Hosting an open house is helpful in that it gives potential buyers a no-pressure sneak peak at your home. If you make a great first impression, it could mean a private showing and perhaps even an offer. Before you open up your home, though, chances are that you’ll need to give it a little love and care. Here are a few tips to help you prepare for the event and put your best foot forward.
You’ll want to do a thorough cleaning of your home from top to bottom. That means shampooing your carpets to eliminate odors and wiping down things you would normally forget about like baseboards, windows, tops of picture frames and knick knacks, ceiling fans, and even the walls themselves.
Move all the furniture while you clean and don’t plan on leaving a room or area off limits, as it gives the wrong impression. This means you’ll need to clear out the garage or any exterior buildings as well. Realtor.com recommends that you also reduce clutter by getting rid of stacks of paper or magazines and leave the counter appliance-free.
Take out any trash, make the beds, and set the kitchen table. Potential buyers will often open up closets in the hopes of finding extra storage space, so remember to tidy them up as well by utilizing shelves and storage bins. Consider renting a storage locker to secure any valuables, and look at this as a good excuse to start packing for your big move now.
If you dread the thought of giving your home a complete scrub-down yourself, consider hiring a cleaning service. A full day of deep cleaning averages about $150, which is a bargain considering how much it will improve your open house experience for potential homebuyers.
After your cleaning spree, it’s likely you’ll need to put a bit more work into staging your home so that it is truly in its best condition. You’ll want to fix issues that can distract buyers such as leaky faucets, burnt-out bulbs, loose knobs, broken tiles, squeaky hinges, and even worn toilet seats.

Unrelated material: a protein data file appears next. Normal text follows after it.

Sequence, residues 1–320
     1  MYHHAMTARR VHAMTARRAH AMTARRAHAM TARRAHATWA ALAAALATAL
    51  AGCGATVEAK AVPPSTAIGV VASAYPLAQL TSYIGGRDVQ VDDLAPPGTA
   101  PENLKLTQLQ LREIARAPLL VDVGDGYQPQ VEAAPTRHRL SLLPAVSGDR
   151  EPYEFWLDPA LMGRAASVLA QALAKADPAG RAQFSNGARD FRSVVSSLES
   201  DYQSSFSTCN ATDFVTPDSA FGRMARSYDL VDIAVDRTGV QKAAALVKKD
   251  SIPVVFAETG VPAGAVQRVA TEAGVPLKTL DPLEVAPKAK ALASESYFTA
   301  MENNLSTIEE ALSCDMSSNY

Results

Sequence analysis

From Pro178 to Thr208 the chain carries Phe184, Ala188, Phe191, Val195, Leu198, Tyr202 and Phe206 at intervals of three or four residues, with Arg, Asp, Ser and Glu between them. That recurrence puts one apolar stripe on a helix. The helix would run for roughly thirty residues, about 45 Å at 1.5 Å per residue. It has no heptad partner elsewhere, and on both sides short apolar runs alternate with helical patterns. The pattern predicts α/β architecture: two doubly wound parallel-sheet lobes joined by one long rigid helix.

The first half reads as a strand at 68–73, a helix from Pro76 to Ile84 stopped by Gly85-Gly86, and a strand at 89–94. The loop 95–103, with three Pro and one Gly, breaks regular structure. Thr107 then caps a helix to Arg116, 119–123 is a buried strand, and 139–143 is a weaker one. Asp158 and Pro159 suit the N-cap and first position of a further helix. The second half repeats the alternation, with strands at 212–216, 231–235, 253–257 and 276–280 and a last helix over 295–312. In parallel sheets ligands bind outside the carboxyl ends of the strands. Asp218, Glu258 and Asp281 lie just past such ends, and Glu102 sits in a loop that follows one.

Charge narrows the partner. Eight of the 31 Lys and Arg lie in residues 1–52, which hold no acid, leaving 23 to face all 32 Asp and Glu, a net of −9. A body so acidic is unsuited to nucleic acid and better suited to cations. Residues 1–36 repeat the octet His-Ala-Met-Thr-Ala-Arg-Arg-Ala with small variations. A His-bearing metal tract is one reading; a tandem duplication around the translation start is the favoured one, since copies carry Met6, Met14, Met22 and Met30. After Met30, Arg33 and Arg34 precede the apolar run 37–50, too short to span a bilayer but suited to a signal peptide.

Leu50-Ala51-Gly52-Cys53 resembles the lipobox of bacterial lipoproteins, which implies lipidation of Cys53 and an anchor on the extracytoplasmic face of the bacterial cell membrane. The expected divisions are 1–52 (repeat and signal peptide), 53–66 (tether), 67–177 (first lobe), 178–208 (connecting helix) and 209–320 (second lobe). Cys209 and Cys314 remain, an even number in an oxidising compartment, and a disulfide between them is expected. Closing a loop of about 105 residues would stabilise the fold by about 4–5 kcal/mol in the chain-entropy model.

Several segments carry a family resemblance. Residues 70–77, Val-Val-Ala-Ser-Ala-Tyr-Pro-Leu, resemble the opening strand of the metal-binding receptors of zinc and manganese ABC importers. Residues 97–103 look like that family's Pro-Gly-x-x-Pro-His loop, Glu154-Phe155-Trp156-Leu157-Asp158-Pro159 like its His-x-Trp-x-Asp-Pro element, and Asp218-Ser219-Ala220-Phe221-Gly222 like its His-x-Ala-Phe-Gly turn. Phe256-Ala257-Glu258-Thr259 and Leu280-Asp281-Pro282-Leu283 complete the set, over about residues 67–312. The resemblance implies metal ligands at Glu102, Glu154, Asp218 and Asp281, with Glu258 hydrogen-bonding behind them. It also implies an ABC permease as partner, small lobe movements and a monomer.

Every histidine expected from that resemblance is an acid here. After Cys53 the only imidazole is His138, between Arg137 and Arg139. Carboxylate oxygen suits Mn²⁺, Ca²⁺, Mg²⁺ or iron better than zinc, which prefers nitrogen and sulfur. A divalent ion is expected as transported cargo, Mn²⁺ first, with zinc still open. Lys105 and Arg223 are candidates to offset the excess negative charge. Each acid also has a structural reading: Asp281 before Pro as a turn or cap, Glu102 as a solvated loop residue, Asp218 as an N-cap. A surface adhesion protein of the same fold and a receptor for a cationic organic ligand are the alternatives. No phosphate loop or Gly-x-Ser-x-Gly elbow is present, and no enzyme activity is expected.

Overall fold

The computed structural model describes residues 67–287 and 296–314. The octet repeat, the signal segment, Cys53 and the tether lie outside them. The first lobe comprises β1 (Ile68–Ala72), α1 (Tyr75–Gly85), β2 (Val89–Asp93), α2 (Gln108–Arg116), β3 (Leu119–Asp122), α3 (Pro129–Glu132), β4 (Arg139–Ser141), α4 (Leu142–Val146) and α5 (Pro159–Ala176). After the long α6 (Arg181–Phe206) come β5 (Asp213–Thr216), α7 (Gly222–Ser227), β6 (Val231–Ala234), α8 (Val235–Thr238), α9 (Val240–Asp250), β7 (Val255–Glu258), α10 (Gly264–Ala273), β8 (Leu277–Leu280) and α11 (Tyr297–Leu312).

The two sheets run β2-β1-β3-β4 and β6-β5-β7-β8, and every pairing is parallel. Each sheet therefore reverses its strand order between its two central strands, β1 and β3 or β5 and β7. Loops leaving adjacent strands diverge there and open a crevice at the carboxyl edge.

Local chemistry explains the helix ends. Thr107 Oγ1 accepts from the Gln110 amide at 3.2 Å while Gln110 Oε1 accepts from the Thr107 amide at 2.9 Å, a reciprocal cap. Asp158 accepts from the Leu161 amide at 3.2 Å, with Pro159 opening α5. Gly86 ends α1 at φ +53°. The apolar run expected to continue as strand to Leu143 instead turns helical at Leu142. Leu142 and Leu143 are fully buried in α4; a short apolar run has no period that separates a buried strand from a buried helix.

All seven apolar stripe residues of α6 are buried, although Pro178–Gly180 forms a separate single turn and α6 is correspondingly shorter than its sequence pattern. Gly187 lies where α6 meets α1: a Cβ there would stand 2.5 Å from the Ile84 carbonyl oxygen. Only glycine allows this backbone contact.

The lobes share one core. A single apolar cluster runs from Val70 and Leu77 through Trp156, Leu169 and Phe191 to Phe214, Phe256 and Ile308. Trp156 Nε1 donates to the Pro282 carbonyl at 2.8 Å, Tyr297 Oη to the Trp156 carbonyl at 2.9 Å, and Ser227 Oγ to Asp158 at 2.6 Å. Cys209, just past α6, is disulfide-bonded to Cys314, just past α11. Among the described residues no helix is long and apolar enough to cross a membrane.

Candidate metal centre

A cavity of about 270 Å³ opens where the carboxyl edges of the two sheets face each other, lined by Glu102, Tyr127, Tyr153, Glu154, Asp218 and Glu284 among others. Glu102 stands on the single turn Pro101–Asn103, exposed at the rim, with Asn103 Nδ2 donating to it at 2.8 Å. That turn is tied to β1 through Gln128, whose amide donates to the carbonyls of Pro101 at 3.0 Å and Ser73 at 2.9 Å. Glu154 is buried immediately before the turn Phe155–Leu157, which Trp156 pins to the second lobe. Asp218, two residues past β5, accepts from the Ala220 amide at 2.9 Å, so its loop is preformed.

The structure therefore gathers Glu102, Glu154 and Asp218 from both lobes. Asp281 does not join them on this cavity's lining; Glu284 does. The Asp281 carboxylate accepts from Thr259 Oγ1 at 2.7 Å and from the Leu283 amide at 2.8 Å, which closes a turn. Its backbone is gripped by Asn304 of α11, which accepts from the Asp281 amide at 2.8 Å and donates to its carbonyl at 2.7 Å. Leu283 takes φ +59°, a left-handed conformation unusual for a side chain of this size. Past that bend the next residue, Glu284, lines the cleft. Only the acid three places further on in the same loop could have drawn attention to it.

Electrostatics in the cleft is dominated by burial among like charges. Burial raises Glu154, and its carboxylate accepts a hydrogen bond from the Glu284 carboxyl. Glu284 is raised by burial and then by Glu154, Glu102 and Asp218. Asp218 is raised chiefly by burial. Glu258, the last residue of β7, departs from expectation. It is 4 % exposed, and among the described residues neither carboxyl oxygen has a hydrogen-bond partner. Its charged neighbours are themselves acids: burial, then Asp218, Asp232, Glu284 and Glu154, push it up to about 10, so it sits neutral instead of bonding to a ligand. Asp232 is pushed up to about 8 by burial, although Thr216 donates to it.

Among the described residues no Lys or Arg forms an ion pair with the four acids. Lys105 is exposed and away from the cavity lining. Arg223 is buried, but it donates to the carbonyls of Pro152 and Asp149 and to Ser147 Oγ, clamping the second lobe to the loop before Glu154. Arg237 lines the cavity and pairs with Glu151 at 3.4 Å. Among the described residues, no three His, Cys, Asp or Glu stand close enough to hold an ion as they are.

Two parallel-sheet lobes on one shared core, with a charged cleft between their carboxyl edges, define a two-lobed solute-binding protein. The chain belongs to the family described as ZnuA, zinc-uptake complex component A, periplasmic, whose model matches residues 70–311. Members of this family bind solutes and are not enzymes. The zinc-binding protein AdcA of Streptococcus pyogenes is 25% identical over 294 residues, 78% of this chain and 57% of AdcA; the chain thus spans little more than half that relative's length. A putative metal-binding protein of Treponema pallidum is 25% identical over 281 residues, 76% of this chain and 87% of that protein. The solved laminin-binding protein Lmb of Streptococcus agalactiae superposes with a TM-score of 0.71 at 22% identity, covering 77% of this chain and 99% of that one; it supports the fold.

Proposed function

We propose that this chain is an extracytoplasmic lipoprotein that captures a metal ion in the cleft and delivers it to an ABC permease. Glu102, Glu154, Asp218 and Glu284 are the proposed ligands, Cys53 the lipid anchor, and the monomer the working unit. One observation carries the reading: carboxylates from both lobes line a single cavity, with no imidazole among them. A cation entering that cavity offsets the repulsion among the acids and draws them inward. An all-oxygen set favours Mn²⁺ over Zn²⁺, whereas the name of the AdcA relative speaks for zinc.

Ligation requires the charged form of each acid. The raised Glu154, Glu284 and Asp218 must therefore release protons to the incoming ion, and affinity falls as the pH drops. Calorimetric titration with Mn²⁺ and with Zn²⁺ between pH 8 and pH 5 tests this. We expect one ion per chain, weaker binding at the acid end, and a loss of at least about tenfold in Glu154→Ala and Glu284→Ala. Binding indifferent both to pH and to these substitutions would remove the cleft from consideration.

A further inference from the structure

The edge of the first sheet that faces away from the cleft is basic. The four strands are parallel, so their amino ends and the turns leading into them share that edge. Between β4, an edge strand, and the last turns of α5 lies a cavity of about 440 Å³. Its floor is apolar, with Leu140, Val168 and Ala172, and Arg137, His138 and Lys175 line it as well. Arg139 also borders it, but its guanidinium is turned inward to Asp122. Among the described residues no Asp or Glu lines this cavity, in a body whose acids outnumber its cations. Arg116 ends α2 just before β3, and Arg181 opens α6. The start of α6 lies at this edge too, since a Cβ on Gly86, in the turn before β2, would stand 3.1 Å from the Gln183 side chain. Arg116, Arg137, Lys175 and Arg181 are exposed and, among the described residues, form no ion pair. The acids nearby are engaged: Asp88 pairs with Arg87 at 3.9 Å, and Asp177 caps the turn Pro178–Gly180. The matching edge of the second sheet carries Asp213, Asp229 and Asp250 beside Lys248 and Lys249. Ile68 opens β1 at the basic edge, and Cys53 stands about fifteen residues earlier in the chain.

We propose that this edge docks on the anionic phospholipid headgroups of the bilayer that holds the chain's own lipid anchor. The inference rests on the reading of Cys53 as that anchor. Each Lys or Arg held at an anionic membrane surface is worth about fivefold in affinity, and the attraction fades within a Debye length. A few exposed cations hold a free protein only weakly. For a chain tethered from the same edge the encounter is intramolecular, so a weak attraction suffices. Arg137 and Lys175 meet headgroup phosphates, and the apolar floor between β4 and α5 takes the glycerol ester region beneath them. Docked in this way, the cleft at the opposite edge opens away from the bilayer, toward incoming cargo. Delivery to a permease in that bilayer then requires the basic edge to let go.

Spackle any holes or dents in the walls, and paint them a fresh neutral color. Buyers want a blank slate where they can envision creating their own home, so remove any religious or political art and personal photos, as they run the risk of turning the buyer off and possibly even offending them. Think about making small but meaningful updates to the kitchen or bathrooms by adding new hardware, stainless steel appliances and light fixtures.
Don’t forget about your home’s exterior. If it’s winter, make clear walking paths by shoveling and salting them. If it’s warmer out, mow your lawn, wash the exterior, trim the bushes, and clean out your gutters. Go the extra mile by displaying potted flowers or a wreath as well as an appealing house number and mailbox.
In order to drive traffic to your home for the open house, you’ll need to market it correctly. According to 2014 data from the National Association of Realtors, 92 percent of homebuyers use the internet in their search, so be sure to post the event online and in your local newspaper. It also helps to garner attention if you place signs in heavily-trafficked areas that people can see while they’re driving by. Make sure the arrows are pointing in the right direction and are spaced out appropriately.
Lastly, if you have a real estate agent, it’s important that you don’t attend your own open house. Potential buyers won’t be comfortable, and chances are that you won’t get honest feedback from them as a result. On the day of, remove any vehicles from the property so house hunters have room to park. Also, have flyers available to take home with more information including an inspection report, appraisal and any warranties or major updates that have been undertaken.